Tuesday, October 14, 2014

Project: SuPEERiors...Respect in The Workplace

Can your boss be your friend? Or is that bull? Is that just sucking up? Is it just a grown up case of teacher’s pet?

Sure you may see them as your peers and there may even be a sense of genuine camaraderie – he or she is a person whom you trust and can fully rely on both on and off the work campus. You’ve been given the privilege and honor to call them by their first name. You know the family and are invited to the annual Fourth of July BBQ.

But where’s that fine line? How to co-exist with your colleagues who may not have that intimate relationship or turn off that friendship when it comes time to take instructions or maybe reprimands?

R-E-S-P-E-C-T. We know what it means to Aretha Franklin, but what does it mean to you, your company culture and most importantly, your suPEERior?

Here are a few ways to recognize the fundamentals of respect and to implement them no matter the relationship status of any of your peers:

  • Remember Your Position: That whole pubescent catchphrase, “You’re not the boss of me?” Yeah, you need to leave that at the door when you enter the building. It is that simple. Remember who hired you, who signs your paycheck, who has ownership of the title and who has the experience. You have never been in their position, so it does not matter whether you think you are right, they have the executive rights.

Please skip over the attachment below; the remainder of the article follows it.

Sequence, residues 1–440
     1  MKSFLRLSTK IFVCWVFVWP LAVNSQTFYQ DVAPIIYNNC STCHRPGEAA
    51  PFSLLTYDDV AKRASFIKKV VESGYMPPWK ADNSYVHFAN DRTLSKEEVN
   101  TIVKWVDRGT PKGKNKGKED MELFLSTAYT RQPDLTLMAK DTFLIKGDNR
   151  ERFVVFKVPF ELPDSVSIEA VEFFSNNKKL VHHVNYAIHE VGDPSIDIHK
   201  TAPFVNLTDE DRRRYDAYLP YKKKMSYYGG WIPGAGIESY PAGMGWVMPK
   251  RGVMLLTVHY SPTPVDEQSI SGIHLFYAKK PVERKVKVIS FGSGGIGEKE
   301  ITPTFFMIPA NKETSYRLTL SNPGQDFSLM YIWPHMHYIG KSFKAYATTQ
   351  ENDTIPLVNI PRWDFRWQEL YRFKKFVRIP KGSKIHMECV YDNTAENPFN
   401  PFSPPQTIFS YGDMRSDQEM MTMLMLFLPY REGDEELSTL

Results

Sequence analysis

• Take Responsibility: If you mess up, fess up. It is the lesser preferred avenue of honesty, but it is the type of integrity that will not only keep the relationship strong, but will enable the office momentum to stay strong. Rather than delaying the progress of the project by trying to figure out whodunit, or trying to resolve the aftermath once an issue is found, if you mess up, fess up.

  •  Do Not Complain: No one likes it. It makes you look bad, the company look bad, and your boss look bad.

  • Read The Employee Handbook and Corporate Emails: There are reasons rules are written, and emails are sent. Maybe some of the mandates are outdated, but being aware of the culture of your company and the history is vital to the representation.

  • Ask For Advice: It goes back to that whole experience thing. Whether it is a dissatisfied client, a disruptive inner office conflict or performance review, ask your boss how you can improve the situation and no matter what the cold hard facts are, face them and conquer them

It can be a team of two or two-thousand; no matter how large a company can grow respect is essential to any relationship.

-The Green Couch

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